Yesterday, the MIT Entrepreneurship Review posted the first article in my series on Semantic Technologies, available here. I asked whether Semantic Technologies had crossed the chasm yet and my assessment was positive yet cautious:
“Overall, there seems to be consensus that as semantic technologies move out of the purely technical corner and beyond the innovators and early adopters in academia and government, content-heavy organizations and users like publishers or e-commerce sites will help these technologies cross the chasm as they see the largest benefit in applying the technology. As pointed out earlier, companies like The New York Times or Best Buy have already begun to build and rely on semantic technologies. As more and more companies start adopting linked data standards and share data in the linked data cloud, we will see more businesses created to derive value from aggregating data across different datasets to provide value to their users.”
I had quoted Will Hunsinger, CEO of Evri, who pointed out to me, that he had seen increasing activity in the past year and transactions such as Apple’s acquisition of Siri, or Microsoft’s acquisition of Powerset – as well as Evri’s acquisition of Radar Networks – are all indicators of increased focus on semantic technologies and potential exits for start-ups in the space.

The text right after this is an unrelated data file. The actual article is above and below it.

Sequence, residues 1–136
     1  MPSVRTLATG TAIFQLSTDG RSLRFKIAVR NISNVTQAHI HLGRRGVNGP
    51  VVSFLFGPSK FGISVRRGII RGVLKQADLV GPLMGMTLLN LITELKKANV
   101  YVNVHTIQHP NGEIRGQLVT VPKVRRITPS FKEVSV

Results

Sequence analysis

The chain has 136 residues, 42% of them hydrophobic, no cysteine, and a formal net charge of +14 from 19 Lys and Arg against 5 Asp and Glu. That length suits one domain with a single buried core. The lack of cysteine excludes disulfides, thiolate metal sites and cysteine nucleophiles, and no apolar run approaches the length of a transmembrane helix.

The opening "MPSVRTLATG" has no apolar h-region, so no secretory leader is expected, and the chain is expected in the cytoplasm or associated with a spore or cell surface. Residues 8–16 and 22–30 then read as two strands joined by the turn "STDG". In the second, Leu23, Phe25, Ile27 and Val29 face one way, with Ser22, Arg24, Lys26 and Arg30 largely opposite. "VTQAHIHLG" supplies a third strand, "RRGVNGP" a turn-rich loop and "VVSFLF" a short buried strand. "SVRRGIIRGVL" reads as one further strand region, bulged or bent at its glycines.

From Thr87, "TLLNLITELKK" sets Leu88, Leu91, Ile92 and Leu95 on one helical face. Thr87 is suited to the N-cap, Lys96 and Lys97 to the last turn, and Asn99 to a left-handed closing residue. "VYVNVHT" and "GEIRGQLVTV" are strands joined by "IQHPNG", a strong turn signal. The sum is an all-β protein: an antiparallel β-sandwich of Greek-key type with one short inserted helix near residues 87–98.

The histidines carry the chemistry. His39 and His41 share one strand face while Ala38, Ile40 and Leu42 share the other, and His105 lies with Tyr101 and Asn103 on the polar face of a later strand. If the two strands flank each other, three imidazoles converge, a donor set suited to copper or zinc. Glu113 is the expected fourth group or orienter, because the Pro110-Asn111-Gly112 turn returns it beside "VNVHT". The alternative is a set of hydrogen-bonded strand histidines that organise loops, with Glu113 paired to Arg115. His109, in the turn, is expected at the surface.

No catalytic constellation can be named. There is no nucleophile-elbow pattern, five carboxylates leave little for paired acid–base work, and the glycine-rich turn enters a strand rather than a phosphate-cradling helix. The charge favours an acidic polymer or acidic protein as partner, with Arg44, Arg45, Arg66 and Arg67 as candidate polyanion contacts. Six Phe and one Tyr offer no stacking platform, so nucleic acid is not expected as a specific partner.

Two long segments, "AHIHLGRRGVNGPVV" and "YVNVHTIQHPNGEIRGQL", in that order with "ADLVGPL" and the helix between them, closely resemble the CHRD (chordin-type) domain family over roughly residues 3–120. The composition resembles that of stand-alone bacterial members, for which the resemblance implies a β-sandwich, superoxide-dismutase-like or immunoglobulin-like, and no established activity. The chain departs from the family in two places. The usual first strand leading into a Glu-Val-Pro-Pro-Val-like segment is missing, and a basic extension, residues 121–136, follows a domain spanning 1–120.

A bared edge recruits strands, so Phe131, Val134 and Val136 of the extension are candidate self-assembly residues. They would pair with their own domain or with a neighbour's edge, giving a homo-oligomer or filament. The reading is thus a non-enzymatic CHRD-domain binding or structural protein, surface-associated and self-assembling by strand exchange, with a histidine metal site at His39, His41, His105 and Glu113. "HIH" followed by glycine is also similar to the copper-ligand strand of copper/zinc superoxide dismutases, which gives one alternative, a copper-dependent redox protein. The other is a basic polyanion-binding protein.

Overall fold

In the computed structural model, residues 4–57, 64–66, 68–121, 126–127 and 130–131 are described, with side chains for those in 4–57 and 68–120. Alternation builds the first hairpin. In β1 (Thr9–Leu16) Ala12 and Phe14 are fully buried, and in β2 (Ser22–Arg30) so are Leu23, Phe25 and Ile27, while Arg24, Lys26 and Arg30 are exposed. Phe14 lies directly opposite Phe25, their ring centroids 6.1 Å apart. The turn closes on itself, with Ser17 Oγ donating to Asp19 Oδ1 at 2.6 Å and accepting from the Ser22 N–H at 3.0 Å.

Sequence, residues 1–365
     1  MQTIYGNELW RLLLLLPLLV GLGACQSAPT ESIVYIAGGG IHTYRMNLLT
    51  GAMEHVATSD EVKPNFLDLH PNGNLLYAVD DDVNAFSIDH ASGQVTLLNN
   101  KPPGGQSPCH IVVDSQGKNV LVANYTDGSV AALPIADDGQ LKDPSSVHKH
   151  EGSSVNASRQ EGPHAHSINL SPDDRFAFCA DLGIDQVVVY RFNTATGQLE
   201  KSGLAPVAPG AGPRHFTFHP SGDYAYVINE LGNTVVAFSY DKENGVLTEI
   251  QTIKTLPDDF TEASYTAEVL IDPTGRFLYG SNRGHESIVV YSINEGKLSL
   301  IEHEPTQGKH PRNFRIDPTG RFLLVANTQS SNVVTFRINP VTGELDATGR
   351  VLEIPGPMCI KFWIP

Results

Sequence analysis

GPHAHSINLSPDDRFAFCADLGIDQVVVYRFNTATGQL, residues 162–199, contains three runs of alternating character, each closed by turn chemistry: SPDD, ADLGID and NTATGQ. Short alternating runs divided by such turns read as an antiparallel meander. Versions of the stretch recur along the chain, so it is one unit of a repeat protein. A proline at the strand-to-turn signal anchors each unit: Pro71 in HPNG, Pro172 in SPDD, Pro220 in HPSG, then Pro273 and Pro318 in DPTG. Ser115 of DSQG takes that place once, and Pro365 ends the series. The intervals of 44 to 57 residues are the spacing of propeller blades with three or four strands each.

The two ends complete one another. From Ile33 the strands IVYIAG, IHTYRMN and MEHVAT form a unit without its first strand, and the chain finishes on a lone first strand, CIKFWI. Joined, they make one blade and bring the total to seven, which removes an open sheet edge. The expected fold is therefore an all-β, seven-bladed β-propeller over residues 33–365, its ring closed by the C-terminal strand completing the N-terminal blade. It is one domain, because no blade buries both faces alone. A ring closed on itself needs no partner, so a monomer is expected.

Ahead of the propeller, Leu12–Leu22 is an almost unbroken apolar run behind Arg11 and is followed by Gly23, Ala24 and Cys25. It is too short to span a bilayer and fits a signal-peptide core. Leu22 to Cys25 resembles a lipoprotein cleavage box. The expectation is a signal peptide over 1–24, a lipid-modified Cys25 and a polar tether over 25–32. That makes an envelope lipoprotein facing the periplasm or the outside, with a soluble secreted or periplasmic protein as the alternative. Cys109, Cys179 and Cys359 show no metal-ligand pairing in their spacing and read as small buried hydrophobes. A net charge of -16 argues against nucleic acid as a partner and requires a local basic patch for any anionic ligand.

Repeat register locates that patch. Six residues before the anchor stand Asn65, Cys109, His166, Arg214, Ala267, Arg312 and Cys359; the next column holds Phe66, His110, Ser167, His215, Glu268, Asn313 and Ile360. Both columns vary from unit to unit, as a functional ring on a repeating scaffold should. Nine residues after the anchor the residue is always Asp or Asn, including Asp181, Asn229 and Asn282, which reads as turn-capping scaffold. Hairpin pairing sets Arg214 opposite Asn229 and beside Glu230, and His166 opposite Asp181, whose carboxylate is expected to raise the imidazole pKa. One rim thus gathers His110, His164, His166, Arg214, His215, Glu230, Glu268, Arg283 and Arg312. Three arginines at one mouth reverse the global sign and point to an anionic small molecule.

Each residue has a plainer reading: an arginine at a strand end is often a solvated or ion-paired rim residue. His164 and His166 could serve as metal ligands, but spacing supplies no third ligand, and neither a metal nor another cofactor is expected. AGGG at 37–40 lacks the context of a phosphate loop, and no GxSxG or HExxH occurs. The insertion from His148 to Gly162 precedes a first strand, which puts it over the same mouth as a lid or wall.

Today, Google surprised the world by announcing the acquisition of Metaweb, the company behind Freebase. The official press release says that “we believe working together we’ll be able to provide better answers”. This is yet another big break-through for semantic technologies.
To understand the impact of this acquisition, have a look at the following video, which I think does a great job explaining Metaweb/Freebase and hints to the power of combining this with Google.
While Google has done a tremendous job in improving its search engine, in particular with respect to providing contextual results, access to Metaweb’s Freebase of 12 million entities will move Google even fast beyond keyword search.
I wonder though how the acquisition by Google will impact Freebase’s growth from individual contributors – will people continue to contribute voluntarily at the rate they have been? Google said in the press release that they will keep Freebase going and “plan to contribute to and further develop Freebase and would be delighted if other web companies use and contribute to the data“.
Also, parts of Bing’s search are powered by Freebase, as Jamie Taylor, Minister of Information at Metaweb, pointed out to me that “you definitely see freebase data appearing on Bing” (see upcoming interview in the MIT Entrepreneurship Review) – I wonder what happens to this now.